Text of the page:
SOUTHEND Hospital failed to meet its targets on A&E waiting times even before the Christmas influx, latest figures reveal.

The hospital, which saw ambulances backed up as it struggled to cope with a surge of patients over the festive period, was unable to make the target of 95 per cent of patients admitted, transferred or discharged within four hours in emergency departments over three months last year.

The hospital came closest to meeting the target in August with 91.1 per cent of patients seen within four hours. In September that slipped to 87.5 per cent before rising slightly in October to 89.4 per cent.

A performance report in December showed the hospital initiated its “full capacity protocol” to alleviate overcrowding in A&E during the same three months.

The report said: “The hospital has seen a significantly high number of attendances which has put pressure on the front door, and impacted on patient flow through the hospital.

“Full capacity protocol has had to be enacted on several occasions which has had an impact on all the wards. The staffing levels and acuity of the patients is monitored continuously and reviewed formally, four hourly, at the site meetings.”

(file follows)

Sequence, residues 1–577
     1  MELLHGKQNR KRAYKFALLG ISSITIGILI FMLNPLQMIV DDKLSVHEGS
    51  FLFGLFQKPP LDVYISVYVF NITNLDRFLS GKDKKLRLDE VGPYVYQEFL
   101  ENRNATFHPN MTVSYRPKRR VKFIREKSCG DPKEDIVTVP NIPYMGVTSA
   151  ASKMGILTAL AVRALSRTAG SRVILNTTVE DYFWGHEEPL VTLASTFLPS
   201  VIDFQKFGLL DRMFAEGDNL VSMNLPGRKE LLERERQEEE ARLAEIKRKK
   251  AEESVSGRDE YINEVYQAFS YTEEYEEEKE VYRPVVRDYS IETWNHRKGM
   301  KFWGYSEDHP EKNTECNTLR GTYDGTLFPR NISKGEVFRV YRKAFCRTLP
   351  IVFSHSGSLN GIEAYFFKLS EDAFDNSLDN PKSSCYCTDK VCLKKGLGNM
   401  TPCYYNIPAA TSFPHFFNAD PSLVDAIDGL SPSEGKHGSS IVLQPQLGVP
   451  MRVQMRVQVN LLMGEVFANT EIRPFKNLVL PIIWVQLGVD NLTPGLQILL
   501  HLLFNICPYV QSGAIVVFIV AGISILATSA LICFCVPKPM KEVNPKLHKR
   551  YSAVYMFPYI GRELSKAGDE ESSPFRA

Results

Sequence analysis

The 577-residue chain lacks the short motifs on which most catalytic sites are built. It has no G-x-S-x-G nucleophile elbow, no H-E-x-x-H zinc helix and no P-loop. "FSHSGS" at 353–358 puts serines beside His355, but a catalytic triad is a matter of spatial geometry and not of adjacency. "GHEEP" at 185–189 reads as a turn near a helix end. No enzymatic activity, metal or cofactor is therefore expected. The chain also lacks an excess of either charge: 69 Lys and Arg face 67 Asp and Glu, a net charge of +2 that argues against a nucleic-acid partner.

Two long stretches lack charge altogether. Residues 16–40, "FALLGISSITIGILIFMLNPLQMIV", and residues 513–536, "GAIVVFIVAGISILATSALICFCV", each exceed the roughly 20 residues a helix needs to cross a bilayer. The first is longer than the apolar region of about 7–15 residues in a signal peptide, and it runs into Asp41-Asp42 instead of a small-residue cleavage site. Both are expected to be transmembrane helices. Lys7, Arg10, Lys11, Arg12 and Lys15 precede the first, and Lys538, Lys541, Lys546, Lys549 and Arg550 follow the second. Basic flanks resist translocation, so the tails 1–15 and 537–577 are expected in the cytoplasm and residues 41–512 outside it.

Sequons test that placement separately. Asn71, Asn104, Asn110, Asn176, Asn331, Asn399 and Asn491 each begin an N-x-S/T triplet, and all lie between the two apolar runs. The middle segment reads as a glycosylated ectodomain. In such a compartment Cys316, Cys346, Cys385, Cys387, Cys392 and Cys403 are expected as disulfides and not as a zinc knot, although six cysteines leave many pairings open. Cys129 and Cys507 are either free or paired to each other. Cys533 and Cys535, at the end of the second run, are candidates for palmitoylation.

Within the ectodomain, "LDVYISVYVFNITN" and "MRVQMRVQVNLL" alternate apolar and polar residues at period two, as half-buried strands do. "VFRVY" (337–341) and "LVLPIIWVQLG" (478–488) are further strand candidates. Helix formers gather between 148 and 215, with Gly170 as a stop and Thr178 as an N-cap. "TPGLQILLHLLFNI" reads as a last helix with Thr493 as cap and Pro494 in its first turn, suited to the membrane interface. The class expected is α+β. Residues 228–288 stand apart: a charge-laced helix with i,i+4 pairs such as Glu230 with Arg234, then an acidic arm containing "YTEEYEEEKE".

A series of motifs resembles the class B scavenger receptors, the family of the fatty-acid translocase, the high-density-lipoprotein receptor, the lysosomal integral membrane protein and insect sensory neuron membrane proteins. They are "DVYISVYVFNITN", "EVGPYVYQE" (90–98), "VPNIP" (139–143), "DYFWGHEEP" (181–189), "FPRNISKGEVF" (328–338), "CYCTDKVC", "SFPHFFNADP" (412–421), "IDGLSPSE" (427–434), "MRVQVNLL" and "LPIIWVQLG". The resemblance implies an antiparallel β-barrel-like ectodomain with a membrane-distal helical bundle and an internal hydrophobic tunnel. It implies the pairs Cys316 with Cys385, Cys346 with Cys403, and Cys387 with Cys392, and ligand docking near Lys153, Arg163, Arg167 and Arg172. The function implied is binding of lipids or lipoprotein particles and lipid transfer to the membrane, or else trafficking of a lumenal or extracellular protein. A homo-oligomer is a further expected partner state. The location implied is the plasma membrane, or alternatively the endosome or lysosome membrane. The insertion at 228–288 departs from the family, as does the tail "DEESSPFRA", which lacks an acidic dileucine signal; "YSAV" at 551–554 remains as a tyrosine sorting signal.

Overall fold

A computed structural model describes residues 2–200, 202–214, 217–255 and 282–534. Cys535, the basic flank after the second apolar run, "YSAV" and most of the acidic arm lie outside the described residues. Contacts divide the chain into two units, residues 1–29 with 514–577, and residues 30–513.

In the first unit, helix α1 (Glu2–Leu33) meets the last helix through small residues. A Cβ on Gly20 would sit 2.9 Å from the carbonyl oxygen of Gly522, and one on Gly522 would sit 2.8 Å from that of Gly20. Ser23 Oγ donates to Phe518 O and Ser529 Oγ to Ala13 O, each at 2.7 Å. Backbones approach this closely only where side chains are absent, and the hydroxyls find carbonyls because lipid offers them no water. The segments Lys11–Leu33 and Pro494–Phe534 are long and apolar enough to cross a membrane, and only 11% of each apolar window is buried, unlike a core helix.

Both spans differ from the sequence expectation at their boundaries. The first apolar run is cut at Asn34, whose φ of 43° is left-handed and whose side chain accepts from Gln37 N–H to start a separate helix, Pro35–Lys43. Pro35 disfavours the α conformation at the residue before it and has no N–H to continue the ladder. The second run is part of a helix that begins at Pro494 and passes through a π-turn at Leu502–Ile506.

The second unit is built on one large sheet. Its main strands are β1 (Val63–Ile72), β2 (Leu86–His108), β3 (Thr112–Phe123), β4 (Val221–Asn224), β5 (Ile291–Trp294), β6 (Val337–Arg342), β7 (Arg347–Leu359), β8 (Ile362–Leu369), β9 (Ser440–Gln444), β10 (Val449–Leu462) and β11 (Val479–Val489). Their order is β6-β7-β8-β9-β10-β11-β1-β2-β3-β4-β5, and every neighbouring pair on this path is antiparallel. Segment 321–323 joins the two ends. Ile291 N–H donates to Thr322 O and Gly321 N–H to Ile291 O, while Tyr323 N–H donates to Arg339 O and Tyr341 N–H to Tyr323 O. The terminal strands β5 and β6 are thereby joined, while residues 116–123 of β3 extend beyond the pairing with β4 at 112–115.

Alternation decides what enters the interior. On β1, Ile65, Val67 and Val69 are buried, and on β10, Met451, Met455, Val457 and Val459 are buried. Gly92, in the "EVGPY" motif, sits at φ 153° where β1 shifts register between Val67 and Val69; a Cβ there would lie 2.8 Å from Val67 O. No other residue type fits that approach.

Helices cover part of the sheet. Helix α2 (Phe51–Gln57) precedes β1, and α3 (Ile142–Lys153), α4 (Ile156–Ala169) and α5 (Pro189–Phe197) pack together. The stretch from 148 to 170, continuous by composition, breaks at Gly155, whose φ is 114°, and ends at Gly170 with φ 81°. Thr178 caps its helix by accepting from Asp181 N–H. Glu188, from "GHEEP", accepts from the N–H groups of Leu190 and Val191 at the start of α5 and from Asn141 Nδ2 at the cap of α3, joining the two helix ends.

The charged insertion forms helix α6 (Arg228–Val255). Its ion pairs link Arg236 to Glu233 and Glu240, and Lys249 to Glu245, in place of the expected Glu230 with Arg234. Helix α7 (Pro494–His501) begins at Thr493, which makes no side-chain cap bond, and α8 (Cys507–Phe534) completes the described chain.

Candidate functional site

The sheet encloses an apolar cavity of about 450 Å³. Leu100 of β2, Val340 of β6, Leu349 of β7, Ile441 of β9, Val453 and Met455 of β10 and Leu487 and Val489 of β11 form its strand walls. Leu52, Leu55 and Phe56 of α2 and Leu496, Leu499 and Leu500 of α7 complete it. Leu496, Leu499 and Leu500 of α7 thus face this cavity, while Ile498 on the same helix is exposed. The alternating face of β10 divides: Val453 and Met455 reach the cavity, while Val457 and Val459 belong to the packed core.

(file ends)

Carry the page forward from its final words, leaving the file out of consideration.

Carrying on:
It comes as the hospital said there had been improvements in cancer treatment waiting times this year despite missed targets.

Last week the Echo reported the hospital breached a 62-day target for completion of cancer treatment 80 times.

A spokesman for the hospital said: “Southend Hospital’s performance against the cancer 62 day referral to treatment standards has improved since last year, and has continued to improve with a robust action plan in place.

“A lot of work has been carried out to improve turnaround time for patients through partnership working with Basildon and Mid Essex hospitals. “

The hospital has also unveiled plans for four new high dependency unit (HDU) beds by March 2019 to help cope with increased demand on its services.

The report said: “It is recognised that the health of a patient in hospital may suddenly deteriorate and there are certain times when this may be more likely, for example following an emergency admission to hospital, immediately following surgery or in the period directly leaving intensive care.

“An increase in emergency demand and acuity results in a greater number of patients requiring critical or high dependency care.

“This has been reflected nationally and locally.”

A spokesman for the hospital said: “Improving the quality of care is the main priority for our hospital, and there is currently work taking place in the trust to open the permanent facility in February, “